9:00 AM - R3.04
Elucidating the Decomposition of PCBM During Evaporation: A Model Approach for the Evaluation of Small Molecule Semiconductor Films Processed by Physical Vapor Deposition.
Torben Adermann 1 Julia Maibach 2 Tobias Glaser 4 Ralph Eckstein 3 Eric Mankel 2 Norman Mechau 3 5 Annemarie Pucci 4 Manuel Hamburger 1 5 Thomas Mayer 2 Wolfram Jaegermann 2
1Heidelberg University Heidelberg Germany2TU Darmstadt Darmstadt Germany3Karlsruhe Institute of Technology Karlsruhe Germany4Heidelberg University Heidelberg Germany5InnovationLab GmbH Heidelberg GermanyShow Abstract
In the field of organic electronics a major research focus lies on the solution processabilty of organic semiconductor materials. Although some materials are designed for solution processing, i.e. Phenyl-C61-butyric acid methyl ester (PCBM), it is repeatedly reported in literature that deposition of PCBM via thermal evaporation in vacuum is performed to achieve either ultrathin or very clean films suitable for e.g. photoelectron spectroscopy characterization.
We have investigated the effects of thermal evaporation on PCBM in a very interdisciplinary approach, applying physical characterization techniques such as photoelectron (PES) and infrared (IR) spectroscopy in combination with device engineering and chemical analysis using thermogravimetric analysis (TGA), differential scanning calorimetry (DSC), ultra performance liquid chromatography-coupled mass spectrometry (UPLC-MS), and nuclear magnetic resonance spectroscopy (NMR). The methods were applied to thin films prepared by both solution based deposition techniques and thermal evaporation. It is found, that evaporation proves to be an inefficient deposition route for thin layers of chemically pure PCBM. Changes in the IR spectrum of the PCBM films already indicate a change in the molecular structure of PCBM. The UPLC chromatogram of the redissolved organic film proves the formation of several molecular species, including bare C60. Especially the crucible residue after evaporation contains a large fraction of disintegration products. 1H-NMR of the crucible residues shows the formation various new functional groups in the side-chain of PCBM. The effect of degradation on the electronic properties was however found to be limited, as an almost unchanged ionization potential of 6.1 eV was determined with UPS for both the solution processed as well as the evaporated films. By simulating the evaporation conditions by TGA, PCBM sample purity was reduced to roughly 90 %. Bulk-heterojunction solar cells were fabricated with pure and thermally treated PCBM samples to investigate their impact on device performance.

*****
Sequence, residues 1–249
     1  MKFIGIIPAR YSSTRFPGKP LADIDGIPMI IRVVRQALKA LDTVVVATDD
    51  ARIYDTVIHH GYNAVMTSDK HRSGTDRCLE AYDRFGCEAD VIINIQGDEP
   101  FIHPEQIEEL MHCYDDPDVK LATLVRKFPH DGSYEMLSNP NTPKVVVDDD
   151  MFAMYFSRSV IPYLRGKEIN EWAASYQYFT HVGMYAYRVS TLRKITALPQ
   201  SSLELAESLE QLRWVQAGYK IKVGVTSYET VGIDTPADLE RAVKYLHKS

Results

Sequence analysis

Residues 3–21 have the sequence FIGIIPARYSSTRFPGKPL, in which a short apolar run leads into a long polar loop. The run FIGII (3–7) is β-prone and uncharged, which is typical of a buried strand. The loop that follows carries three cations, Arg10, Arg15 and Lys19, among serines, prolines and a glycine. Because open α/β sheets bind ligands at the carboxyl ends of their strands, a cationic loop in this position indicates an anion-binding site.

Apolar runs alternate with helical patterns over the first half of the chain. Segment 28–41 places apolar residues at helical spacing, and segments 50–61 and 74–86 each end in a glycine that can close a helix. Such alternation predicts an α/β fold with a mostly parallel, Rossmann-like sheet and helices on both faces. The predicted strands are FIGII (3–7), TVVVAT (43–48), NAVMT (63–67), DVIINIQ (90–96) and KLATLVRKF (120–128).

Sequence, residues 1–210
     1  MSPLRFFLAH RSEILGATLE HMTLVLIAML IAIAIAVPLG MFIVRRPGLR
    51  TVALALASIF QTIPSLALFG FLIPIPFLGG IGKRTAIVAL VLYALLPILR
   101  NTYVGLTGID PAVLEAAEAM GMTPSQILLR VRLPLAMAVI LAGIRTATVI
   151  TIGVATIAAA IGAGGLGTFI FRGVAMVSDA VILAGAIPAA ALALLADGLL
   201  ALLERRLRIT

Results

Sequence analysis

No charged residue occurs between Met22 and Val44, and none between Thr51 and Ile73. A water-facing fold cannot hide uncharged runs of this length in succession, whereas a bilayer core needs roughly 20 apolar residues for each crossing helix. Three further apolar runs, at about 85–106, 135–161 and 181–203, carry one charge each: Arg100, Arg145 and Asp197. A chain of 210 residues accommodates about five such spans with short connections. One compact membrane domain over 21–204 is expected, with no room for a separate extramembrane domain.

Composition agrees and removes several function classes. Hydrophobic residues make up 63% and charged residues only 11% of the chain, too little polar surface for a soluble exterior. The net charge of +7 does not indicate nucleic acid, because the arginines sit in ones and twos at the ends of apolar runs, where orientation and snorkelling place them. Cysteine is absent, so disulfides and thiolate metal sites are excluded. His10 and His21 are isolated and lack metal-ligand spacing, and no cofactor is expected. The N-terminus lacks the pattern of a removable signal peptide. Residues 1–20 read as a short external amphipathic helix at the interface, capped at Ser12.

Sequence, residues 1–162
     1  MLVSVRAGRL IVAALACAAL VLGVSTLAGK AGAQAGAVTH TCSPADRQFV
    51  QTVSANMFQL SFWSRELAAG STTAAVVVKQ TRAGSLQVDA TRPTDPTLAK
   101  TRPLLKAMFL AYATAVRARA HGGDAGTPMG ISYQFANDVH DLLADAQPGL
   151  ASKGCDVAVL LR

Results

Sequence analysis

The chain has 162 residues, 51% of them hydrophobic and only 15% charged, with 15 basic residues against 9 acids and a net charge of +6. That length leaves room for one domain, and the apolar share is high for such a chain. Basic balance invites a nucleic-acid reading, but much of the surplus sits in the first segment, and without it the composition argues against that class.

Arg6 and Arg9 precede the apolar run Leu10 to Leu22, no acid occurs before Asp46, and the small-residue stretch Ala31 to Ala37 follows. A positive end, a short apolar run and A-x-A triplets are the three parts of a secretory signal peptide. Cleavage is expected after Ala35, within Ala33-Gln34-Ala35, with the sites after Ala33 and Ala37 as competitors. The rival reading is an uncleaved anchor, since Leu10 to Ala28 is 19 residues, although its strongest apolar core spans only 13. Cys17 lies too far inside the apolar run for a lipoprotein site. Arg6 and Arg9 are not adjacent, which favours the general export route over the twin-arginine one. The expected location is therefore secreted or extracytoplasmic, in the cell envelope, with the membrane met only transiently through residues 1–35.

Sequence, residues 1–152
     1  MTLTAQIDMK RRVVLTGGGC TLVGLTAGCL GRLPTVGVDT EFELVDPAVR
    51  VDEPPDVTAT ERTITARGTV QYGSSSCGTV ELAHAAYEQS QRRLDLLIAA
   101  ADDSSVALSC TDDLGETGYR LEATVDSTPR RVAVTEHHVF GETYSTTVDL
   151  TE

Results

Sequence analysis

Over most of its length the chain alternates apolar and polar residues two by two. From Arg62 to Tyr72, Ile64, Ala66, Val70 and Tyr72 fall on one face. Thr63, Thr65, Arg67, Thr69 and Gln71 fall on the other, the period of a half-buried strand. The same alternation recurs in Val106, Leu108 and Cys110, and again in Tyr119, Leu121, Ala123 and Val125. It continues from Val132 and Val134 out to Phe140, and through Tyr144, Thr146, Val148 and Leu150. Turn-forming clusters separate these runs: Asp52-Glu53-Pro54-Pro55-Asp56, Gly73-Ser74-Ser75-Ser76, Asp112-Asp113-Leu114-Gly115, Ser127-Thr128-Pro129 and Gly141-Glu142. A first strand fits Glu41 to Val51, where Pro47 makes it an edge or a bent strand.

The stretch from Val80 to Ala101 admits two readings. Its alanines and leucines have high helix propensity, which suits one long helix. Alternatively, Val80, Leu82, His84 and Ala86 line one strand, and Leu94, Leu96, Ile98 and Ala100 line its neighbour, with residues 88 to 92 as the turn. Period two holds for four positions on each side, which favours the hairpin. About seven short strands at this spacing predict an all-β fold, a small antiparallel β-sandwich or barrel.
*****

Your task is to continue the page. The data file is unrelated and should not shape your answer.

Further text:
9:00 AM - R3.05
Wireless Power Harvesting via Flexible Magnetostrictive Nanoribbons
Huai-An Chin 1 Tian Liang 3 Shiyou Xu 4 Gerald Poirier 4 Nan Yao 4 Sigurd Wagner 1 Michael McAlpine 2